[llvm-dev] Floating point variance in the test suite
Kaylor, Andrew via llvm-dev
llvm-dev at lists.llvm.org
Thu Jun 24 07:15:27 PDT 2021
> We've hit at least one failure when porting because the hashing means that miniscule differences in standard library implementations are not tolerated.
How did you address that? I would expect there to be many small differences between standard library implementations and across different platforms.
Wherever the language standard doesn’t require correctly rounded results there is a potential for small variations. I think this problem becomes more prominent with tests that execute on GPU and similar hardware.
From: Hubert Tong <hubert.reinterpretcast at gmail.com>
Sent: Wednesday, June 23, 2021 5:37 PM
To: Kaylor, Andrew <andrew.kaylor at intel.com>; amykibm at gmail.com
Cc: llvm-dev at lists.llvm.org
Subject: Re: [llvm-dev] Floating point variance in the test suite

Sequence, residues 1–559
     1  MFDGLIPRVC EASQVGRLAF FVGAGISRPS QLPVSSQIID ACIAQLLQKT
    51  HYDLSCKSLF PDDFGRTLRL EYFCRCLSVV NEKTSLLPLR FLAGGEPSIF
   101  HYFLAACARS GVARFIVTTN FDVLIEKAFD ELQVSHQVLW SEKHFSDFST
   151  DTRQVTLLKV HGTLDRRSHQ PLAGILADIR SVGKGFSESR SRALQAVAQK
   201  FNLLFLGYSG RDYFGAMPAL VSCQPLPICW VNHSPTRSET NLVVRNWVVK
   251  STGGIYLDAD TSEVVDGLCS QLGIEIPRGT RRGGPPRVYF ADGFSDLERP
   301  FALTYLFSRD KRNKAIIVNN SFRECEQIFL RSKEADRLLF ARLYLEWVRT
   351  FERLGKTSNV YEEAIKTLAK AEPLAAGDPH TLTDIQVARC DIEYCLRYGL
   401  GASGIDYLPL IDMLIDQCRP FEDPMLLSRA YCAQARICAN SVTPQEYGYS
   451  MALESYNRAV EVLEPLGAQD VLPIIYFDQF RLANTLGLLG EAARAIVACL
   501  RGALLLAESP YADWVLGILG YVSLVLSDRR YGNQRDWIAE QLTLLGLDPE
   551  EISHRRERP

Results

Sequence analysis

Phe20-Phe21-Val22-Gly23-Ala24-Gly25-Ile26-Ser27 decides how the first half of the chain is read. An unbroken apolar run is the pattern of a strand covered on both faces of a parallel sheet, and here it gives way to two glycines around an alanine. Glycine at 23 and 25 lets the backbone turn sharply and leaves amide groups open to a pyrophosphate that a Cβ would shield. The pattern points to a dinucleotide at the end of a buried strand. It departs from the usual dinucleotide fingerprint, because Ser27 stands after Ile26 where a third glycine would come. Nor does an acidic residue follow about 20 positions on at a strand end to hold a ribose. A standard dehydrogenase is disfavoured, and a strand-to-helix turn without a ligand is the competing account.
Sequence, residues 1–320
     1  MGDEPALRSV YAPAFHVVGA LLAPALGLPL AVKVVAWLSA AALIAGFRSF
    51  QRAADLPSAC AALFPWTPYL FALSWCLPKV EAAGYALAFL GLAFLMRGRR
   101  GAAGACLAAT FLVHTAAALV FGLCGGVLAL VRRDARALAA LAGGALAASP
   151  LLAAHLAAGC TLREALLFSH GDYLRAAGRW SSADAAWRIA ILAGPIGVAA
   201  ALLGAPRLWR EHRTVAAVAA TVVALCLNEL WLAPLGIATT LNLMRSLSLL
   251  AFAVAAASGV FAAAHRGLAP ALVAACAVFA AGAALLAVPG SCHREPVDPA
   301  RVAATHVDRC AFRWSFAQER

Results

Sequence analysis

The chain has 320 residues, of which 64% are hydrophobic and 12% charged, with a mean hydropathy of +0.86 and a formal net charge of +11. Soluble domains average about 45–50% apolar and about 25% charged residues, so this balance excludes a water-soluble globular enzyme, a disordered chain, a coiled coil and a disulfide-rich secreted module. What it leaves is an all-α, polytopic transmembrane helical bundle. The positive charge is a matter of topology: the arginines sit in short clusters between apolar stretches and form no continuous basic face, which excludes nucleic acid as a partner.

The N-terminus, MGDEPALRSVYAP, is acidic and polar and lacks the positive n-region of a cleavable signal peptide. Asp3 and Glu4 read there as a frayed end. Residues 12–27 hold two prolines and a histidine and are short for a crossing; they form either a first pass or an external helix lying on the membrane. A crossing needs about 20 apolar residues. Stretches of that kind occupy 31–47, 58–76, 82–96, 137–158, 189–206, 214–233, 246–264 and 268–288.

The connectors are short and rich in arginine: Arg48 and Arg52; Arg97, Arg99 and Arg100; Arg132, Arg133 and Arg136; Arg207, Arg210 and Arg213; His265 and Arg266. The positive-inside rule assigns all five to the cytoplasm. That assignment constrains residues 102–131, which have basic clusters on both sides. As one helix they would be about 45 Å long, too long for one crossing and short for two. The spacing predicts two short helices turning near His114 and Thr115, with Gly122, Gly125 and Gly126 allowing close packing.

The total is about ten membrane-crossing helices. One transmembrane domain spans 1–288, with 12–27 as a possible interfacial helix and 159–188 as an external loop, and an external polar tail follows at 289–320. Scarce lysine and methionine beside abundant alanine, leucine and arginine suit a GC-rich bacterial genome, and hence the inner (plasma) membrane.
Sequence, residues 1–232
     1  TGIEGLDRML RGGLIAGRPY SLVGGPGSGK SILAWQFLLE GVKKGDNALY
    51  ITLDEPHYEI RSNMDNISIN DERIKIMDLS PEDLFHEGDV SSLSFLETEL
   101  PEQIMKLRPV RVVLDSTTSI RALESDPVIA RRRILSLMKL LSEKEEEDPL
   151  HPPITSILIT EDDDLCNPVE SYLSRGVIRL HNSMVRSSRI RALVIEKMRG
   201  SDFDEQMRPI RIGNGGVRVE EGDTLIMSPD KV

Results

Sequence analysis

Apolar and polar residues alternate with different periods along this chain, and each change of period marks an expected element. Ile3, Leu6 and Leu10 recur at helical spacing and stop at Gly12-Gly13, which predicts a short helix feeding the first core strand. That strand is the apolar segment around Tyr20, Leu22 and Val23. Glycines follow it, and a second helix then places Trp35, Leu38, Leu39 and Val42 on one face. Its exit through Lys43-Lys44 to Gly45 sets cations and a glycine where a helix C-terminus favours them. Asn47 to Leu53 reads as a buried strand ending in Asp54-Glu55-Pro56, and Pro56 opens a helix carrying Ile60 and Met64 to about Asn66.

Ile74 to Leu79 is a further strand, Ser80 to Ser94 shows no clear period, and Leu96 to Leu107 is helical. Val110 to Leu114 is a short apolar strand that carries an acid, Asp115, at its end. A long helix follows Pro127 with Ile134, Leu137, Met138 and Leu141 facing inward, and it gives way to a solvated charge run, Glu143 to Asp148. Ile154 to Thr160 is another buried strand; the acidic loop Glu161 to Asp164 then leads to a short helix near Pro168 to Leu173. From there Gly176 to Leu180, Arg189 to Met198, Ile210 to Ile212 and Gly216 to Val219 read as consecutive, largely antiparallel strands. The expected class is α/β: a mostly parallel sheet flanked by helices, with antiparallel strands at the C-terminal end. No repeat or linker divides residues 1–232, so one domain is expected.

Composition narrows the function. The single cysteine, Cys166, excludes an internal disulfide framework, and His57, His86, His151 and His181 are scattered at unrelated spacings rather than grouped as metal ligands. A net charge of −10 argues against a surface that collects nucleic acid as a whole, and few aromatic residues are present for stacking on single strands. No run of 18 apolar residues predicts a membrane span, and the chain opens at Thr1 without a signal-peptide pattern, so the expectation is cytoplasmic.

On Wed, Jun 23, 2021 at 1:57 PM Kaylor, Andrew via llvm-dev <llvm-dev at lists.llvm.org<mailto:llvm-dev at lists.llvm.org>> wrote:
I’d like to restart an old discussion about how to handle floating point variance in the LLVM test suite. This was brought up years ago by Sebastian Pop (https://lists.llvm.org/pipermail/llvm-dev/2016-October/105730.html) and Sebastian did some work to fix things at that time, but I’ve discovered recently that a lot of things aren’t working the way they are supposed to, and some fundamental problems were never addressed.
The basic issue is that at least some tests fail if the floating point calculations don’t exactly match the reference results. In 2016, Sebastian attempted to modify the Polybench tests to allow some tolerance, but that attempt was not entirely successful. Other tests don’t seem to have a way to handle this. I don’t know how many.
Melanie Blower has been trying for some time now to commit a change that would make the fp-contract=on the default setting for clang (as the documentation says it is), but this change caused failures in the test suite. Melanie recently committed a change (https://reviews.llvm.org/rT24550c3385e8e3703ed364e1ce20b06de97bbeee) which overrides the default and sets fp-contract=off for the failing tests, but this is not a good long term solution, as it leaves fp contraction untested (though apparently it has been for quite some time).